There are lots of celebrations around the world this week to welcome spring, but none more colorful than Holi, the Hindu celebration that falls near the vernal equinox each year. Celebrated in India and all around the world, people mark the day (and often up to two weeks) by throwing colored powders and spraying jets of colored water at one another. It’s a democratic holiday: on Holi you’re free to pelt anyone — young or old, male or female, friend or stranger — with color. Even boundaries of caste soften during Holi.
Holi celebrates the end of winter, and what better way to give winter a sendoff than with an éclat of color, a promise of what’s to come. Holi is a time to forgive and forget, to end conflicts, to let go of mistakes, to repay or release people from debts, and generally turn over a new leaf with loved ones. (I suppose it’s hard to hold on to anger or bitterness when you all look like you got into a mud fight with a bunch of Care Bears.) The festival also symbolizes the triumph of good over evil. And if “good” = “colorful” well you’ll hear no argument from me!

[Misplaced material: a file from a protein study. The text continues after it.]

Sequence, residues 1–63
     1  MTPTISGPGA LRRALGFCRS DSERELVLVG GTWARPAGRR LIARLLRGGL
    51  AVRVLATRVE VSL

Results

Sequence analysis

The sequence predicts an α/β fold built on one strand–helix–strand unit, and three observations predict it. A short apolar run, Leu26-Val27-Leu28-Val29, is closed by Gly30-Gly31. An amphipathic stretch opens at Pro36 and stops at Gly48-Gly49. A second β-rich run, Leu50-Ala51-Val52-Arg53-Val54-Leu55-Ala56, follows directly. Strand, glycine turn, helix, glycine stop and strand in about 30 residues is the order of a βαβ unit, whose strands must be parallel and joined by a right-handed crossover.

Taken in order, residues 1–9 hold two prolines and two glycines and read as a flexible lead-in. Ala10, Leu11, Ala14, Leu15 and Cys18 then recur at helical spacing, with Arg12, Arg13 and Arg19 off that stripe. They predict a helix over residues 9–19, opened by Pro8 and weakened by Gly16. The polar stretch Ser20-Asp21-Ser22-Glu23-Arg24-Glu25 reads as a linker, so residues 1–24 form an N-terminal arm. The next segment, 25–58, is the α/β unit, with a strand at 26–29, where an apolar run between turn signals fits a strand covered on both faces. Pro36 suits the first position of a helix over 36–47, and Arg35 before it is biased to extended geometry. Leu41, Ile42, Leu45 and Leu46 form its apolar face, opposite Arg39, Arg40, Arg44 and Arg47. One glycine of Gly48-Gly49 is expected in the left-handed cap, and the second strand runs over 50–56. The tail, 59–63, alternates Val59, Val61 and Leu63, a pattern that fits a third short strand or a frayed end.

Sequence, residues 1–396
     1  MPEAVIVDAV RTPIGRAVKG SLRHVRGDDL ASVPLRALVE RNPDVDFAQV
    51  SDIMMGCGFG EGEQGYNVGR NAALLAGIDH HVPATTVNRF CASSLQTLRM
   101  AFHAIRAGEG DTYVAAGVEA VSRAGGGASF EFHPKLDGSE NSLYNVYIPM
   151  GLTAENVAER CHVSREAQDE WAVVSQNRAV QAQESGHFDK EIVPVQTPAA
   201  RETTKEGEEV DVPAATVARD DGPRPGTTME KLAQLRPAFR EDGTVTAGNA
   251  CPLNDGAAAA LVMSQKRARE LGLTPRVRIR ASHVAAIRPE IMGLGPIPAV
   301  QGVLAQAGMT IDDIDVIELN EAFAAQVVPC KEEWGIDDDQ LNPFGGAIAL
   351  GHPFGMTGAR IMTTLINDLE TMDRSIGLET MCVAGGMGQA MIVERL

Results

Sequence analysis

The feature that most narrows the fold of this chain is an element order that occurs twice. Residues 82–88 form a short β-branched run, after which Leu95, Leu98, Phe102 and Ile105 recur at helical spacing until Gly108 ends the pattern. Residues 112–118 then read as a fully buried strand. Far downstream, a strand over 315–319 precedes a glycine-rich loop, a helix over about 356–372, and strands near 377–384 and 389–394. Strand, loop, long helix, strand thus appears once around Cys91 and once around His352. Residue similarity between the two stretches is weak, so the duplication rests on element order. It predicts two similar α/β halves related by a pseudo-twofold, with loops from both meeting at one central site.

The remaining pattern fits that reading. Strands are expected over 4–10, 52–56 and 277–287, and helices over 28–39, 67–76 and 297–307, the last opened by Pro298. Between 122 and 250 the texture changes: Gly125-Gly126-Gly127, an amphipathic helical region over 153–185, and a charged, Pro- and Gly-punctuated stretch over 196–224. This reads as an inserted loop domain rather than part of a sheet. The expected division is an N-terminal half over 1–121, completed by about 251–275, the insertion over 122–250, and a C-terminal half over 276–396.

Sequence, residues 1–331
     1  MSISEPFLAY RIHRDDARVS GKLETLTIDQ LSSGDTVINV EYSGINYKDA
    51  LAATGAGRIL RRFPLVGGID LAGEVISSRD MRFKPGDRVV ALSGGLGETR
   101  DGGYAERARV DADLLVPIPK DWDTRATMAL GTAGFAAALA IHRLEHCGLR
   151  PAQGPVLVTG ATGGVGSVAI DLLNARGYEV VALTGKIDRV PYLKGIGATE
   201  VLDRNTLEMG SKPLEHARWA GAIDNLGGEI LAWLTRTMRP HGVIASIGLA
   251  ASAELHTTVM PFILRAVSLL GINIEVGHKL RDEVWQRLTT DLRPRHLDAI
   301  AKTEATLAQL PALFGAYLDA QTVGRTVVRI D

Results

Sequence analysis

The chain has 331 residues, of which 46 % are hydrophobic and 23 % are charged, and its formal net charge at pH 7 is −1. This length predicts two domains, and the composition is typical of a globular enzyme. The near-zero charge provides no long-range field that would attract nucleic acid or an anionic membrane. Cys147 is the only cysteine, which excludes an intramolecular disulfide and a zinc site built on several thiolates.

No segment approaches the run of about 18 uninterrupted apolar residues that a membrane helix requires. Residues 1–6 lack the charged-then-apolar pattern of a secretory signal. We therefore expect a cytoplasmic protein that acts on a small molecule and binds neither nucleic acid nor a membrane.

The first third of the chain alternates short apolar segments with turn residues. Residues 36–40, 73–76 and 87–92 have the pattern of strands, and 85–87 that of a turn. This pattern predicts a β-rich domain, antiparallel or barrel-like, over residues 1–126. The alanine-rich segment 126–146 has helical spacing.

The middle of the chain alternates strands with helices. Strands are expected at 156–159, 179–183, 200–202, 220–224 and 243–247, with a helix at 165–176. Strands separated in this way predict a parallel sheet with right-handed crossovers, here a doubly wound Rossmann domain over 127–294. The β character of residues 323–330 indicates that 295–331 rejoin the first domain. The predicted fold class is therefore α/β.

Discussion (1 Comment)
Wow! Now there is a holi-day that would be dear to the heart of any kid! Getting to throw color on grown-ups, or the local bully, or anyone in authority! The child in me, and there is a big child-like component to me, would just dearly love a chance to take some of my more staid friends and blast them with purple and fuchsia and bright lime green! And how about all those boring white cars and trucks we have here in Texas! They could use a big blast of polychromatic fairy dust! I can see it now, big honking doulie with gun rack and muddy fenders, silently powdered in every bright neon color I could think of, especially PINK!